For over 20 years I was the editor of The $ensible Sound magazine and a regular contributor to its classical review pages. I would not presume to present myself as some sort of expert on music, but I have a deep love for and appreciation of many types of music, "classical" especially, and have listened to thousands of recordings over the years, many of which still line the walls of my listening room (and occasionally spill onto the furniture and floor, much to the chagrin of my long-suffering wife). I have always taken the approach as a reviewer that what I am trying to do is simply to point out to readers that I have come across a recording that I have found of interest, a recording that I think they might appreciate my having pointed out to them. I suppose that sounds a bit simple-minded, but I know I appreciate reading reviews by others that do the same for me--point out recordings that I think I might enjoy.
For readers who might be wondering about what kind of system I am using to do my listening, as of right now it comprises an Onkyo C-7030 CD player, Legacy Audio High Current preamplifier, AVA FET Valve 550hc or Legacy Audio PowerBloc2 amplifier, and a pair of Legacy Audio Focus SE speakers augmented by a Legacy Point One subwoofer.
Bryan Geyer, Technical Analyst
I initially embraced classical music in 1954 when I mistuned my car radio and heard the Heifetz recording of Mendelssohn's Violin Concerto. That inspired me to board the new "hi-fi" DIY bandwagon. In 1957 I joined one of the pioneer semiconductor makers and spent the next 32 years marketing transistors and microcircuits to military contractors. Home audio DIY projects remained a personal passion until 1989 when we created our own new photography equipment company. I later (2012) revived my interest in two channel audio when we "downsized" our life and determined that mini-monitors + paired subwoofers were a great way to mate fine music with the space constraints of condo living.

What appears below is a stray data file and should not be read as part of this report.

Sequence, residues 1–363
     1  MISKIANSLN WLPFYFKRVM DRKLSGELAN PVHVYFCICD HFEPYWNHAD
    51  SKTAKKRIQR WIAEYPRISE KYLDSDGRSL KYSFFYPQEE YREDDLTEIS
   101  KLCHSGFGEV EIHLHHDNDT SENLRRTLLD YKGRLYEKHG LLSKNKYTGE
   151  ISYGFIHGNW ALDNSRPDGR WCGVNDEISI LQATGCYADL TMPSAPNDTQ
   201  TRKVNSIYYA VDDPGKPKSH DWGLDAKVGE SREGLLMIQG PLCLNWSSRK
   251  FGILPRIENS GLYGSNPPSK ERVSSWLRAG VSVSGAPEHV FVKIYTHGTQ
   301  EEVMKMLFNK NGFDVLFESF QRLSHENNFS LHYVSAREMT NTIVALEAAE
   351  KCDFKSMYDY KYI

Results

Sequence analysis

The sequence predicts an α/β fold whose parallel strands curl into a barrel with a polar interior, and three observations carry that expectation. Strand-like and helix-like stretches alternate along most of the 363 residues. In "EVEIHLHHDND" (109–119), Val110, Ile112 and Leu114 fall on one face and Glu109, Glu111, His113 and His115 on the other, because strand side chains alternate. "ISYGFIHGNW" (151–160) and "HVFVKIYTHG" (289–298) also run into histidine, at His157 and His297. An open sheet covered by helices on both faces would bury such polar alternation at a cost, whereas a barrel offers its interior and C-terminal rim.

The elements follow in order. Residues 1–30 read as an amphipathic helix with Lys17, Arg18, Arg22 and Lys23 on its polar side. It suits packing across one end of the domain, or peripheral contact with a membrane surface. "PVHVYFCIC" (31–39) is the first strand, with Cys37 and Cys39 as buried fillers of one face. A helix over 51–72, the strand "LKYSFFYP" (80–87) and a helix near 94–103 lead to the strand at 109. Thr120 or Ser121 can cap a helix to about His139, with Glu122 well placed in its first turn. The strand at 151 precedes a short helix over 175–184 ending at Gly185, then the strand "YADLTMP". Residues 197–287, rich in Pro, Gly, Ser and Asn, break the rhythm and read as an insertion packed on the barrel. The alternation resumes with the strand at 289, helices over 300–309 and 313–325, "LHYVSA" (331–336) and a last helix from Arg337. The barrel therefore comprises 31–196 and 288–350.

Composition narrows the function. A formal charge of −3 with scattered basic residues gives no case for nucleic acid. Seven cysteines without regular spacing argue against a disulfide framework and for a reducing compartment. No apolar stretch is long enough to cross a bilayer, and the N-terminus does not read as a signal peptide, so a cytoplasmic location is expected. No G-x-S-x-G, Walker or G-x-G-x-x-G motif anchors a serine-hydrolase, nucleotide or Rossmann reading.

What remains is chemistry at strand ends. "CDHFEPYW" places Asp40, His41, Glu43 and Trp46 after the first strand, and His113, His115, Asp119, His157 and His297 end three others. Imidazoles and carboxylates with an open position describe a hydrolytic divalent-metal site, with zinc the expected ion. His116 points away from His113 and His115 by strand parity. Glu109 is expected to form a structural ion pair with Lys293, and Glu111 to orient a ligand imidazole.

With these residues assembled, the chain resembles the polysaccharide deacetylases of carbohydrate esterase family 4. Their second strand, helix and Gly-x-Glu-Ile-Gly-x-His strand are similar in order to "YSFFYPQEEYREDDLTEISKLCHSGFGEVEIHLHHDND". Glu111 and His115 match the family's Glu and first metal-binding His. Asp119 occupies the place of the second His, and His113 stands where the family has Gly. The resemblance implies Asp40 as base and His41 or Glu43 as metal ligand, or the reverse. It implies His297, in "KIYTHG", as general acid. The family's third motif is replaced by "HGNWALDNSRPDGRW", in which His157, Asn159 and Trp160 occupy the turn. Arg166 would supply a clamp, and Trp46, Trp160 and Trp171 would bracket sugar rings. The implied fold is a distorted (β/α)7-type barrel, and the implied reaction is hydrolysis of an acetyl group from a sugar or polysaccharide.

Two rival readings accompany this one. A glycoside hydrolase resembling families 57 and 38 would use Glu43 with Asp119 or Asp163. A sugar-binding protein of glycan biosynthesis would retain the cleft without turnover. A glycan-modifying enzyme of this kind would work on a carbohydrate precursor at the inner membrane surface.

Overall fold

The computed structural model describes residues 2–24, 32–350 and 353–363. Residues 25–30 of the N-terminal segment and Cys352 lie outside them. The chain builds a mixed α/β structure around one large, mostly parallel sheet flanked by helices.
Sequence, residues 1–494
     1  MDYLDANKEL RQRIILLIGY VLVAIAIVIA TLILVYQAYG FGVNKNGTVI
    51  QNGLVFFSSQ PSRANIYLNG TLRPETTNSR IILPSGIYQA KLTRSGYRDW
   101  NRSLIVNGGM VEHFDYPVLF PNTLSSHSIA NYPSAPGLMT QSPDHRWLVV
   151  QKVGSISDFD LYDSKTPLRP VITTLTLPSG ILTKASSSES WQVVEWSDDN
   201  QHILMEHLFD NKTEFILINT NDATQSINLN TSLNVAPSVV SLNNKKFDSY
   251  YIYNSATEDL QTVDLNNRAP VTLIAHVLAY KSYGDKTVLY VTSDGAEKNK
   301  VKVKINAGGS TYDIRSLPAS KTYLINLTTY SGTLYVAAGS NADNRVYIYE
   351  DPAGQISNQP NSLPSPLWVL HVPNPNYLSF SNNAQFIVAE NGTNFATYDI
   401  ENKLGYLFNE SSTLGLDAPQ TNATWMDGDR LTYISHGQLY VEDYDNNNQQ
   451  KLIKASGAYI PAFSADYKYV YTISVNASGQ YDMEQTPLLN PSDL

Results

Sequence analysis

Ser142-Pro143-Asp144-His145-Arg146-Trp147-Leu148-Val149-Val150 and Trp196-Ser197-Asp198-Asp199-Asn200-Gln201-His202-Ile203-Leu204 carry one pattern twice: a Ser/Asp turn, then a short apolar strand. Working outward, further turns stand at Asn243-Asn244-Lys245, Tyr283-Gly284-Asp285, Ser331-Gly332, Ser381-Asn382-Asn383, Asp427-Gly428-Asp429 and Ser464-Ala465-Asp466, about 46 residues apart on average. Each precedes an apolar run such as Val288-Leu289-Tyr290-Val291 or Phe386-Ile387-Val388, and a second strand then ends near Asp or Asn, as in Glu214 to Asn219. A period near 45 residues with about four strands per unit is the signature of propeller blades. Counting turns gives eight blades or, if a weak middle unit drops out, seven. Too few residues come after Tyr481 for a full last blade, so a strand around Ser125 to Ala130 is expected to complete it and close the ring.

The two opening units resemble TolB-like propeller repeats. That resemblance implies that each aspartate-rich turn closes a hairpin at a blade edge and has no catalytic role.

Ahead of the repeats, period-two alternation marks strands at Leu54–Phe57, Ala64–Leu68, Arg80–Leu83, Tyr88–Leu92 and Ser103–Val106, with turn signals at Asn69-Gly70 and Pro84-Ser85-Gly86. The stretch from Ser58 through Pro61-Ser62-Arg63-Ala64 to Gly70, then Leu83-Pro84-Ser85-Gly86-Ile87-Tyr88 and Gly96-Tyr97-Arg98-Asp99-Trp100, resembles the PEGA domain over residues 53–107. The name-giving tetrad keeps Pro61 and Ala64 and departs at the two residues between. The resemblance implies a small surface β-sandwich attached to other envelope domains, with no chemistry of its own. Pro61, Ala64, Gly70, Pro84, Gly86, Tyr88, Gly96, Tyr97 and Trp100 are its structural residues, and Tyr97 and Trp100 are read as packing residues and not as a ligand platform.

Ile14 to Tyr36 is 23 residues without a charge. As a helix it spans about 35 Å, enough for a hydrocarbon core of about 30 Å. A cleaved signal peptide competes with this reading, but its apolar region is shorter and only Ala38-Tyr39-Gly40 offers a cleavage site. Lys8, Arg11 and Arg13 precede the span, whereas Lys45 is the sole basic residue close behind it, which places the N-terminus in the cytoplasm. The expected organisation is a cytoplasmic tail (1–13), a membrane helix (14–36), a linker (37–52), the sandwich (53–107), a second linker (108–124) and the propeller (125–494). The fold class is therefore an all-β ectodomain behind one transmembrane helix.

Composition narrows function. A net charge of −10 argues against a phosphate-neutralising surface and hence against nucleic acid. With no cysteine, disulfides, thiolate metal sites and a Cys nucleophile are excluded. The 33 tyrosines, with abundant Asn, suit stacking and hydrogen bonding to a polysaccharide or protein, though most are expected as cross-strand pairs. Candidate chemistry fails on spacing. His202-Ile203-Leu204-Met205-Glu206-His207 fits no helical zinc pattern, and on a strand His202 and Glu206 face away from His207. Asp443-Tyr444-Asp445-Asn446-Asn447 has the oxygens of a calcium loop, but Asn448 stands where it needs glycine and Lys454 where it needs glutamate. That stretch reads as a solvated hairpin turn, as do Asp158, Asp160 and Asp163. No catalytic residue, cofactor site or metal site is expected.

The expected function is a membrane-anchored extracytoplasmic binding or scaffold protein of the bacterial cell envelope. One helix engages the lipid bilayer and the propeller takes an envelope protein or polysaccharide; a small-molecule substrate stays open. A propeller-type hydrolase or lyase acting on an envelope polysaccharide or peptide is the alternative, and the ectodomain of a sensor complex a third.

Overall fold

It is the goal of Classical Candor to promote the enjoyment of classical music. Other forms of music come and go--minuets, waltzes, ragtime, blues, jazz, bebop, country-western, rock-'n'-roll, heavy metal, rap, and the rest--but classical music has been around for hundreds of years and will continue to be around for hundreds more. It's no accident that every major city in the world has one or more symphony orchestras.
When I was young, I heard it said that only intellectuals could appreciate classical music, that it required dedicated concentration to appreciate. Nonsense. I'm no intellectual, and I've always loved classical music. Anyone who's ever seen and enjoyed Disney's Fantasia or a Looney Tunes cartoon playing Rossini's William Tell Overture or Liszt's Hungarian Rhapsody No. 2 can attest to the power and joy of classical music, and that's just about everybody.
So, if Classical Candor can expand one's awareness of classical music and bring more joy to one's life, more power to it. It's done its job. --John J. Puccio